After the Los Angeles Lakers dropped Game 1 of their first round series to the New Orleans Hornets, all the talk centered around Chris Paul, Pau Gasol and the Lakers deficiencies on defense. After Wednesday night’s game, everyone should be talking about Andrew Bynum.
The Lakers center had a man-sized performance in Game 2, leading Los Angeles to an 87-78 win and helping restore some semblance of sanity to the Western Conference playoff picture. Bynum played 32 minutes, scored 17 points and grabbed 11 rebounds while also tallying an assist, a steal, two blocks and countless altered shots. In fact, while he led the Lakers in scoring, Bynum’s biggest contributions came on the defensive end.
The Lakers were ferocious defensively on Wednesday night, looking more like a team that has won back-to-back titles, not the one that was sleepwalking through an embarrassing Game One loss on Sunday. Los Angeles held the Hornets to just 32 points in the paint in Game 2, compared to the 52 New Orleans notched in Game 1. The Lakers’ length clearly bothered the Hornets as they shot just 39.1 percent from the field on the evening.
Bynum asserted himself throughout the night, muscling his way to rebounds and establishing great post position on both ends. When he got the ball on offense, he rarely hesitated and just went right to work. He was efficient, hitting 8-of-11 shots. Each bucket was important as Kobe Bryant struggled to find his rhythm with Trevor Ariza – one of the league’s best perimeter defenders – hounding him all night. Bryant finished with just 11 points, though he did play a fantastic game on defense.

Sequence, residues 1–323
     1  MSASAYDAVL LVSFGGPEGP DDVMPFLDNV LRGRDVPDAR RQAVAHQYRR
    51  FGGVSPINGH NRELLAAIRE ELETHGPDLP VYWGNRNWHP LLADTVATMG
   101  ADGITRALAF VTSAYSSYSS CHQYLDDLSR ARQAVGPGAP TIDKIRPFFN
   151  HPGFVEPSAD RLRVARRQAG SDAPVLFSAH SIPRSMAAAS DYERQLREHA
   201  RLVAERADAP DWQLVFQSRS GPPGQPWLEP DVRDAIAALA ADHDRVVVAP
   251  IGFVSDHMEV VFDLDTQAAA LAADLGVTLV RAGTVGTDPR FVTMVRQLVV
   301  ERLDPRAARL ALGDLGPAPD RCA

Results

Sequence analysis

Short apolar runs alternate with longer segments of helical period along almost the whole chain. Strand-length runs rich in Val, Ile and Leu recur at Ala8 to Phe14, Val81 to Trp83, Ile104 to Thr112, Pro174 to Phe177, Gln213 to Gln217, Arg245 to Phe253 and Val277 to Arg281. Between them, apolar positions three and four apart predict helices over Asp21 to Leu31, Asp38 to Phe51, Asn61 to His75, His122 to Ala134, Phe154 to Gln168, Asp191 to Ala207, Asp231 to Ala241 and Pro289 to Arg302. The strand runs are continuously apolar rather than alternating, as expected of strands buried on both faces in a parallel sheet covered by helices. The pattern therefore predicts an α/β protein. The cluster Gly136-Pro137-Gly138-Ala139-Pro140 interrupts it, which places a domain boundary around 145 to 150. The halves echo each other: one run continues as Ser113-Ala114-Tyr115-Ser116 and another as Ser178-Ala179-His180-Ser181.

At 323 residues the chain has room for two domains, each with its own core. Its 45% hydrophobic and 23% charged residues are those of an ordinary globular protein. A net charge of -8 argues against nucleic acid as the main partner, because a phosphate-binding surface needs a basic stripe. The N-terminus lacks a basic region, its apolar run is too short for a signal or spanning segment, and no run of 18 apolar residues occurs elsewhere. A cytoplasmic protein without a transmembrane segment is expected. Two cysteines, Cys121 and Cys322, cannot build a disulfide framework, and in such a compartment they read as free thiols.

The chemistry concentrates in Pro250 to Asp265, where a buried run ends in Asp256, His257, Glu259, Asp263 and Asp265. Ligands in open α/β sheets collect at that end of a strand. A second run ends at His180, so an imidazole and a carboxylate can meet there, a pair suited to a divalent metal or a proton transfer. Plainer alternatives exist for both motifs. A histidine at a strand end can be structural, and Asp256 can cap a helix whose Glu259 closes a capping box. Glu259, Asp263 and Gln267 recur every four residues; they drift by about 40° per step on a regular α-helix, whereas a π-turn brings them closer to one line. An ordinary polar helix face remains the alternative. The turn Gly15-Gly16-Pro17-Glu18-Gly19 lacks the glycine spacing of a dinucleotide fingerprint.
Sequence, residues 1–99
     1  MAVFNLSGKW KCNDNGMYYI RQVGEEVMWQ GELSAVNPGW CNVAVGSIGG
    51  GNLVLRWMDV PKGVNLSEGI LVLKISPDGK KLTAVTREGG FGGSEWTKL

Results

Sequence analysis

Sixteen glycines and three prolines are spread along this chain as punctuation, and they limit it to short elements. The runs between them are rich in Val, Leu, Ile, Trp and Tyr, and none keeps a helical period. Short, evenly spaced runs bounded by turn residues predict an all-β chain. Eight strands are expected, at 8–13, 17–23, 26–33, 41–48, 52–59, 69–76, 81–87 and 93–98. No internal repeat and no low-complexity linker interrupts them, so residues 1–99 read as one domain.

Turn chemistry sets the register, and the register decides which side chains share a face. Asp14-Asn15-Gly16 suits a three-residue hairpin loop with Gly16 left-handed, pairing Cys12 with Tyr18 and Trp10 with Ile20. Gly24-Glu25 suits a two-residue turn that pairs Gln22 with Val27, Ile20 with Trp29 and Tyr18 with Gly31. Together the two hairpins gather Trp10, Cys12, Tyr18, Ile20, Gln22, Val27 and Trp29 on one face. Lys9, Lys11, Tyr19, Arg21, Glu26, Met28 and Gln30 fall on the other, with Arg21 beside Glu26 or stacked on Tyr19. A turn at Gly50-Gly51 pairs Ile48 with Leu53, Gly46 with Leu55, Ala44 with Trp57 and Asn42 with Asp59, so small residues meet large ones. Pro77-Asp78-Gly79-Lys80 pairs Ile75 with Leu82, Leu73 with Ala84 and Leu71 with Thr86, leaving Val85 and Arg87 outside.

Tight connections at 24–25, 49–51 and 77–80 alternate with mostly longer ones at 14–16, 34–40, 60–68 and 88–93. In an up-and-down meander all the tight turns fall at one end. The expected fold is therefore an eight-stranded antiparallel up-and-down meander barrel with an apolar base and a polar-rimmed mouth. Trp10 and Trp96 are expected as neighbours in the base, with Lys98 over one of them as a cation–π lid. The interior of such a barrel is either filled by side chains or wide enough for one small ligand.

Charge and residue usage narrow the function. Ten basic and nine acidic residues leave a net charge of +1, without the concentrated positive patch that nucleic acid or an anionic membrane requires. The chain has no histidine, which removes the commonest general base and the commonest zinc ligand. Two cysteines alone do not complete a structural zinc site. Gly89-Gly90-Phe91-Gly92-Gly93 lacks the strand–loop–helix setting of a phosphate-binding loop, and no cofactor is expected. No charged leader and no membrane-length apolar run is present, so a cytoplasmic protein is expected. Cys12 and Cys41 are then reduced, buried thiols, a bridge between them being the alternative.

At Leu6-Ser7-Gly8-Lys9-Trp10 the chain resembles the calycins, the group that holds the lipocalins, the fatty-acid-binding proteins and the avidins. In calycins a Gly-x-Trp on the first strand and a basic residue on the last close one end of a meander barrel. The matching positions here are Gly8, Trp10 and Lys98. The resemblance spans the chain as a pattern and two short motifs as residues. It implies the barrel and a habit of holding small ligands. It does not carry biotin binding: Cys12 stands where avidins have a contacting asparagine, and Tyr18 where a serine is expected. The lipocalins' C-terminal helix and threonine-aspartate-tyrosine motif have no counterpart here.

For the second game in a row Gasol – Bynum’s post-mate – struggled to attack. In a team-high 36 minutes, Gasol scored just eight points, while grabbing five rebounds. The Spaniard did block three shots and drew several key fouls on the Hornets’ Emeka Okafor.
With Gasol struggling and Bryant being shadowed by Ariza, Bynum’s contributions in this series are just that much more important. For the first time in his career, Bynum finally feels like he’s (almost) fully healthy during the playoffs. The sixth-year pro is showing a confidence in his game we haven’t seen from him this late in a season.
People forget that Bynum is still just 23 years old. He’s still a pup, and hasn’t even sniffed his prime yet, but when he’s on he can be one of the elite post men in the game. Playing across from Gasol, Lamar Odom and Bryant hasn’t hurt his development either.
The Lakers are going to need strong efforts from everyone on their roster if they want to win a third consecutive title. On Wednesday night, Bynum and Ron Artest (15 points, six rebounds) and Odom (16 points, seven rebounds) did their part.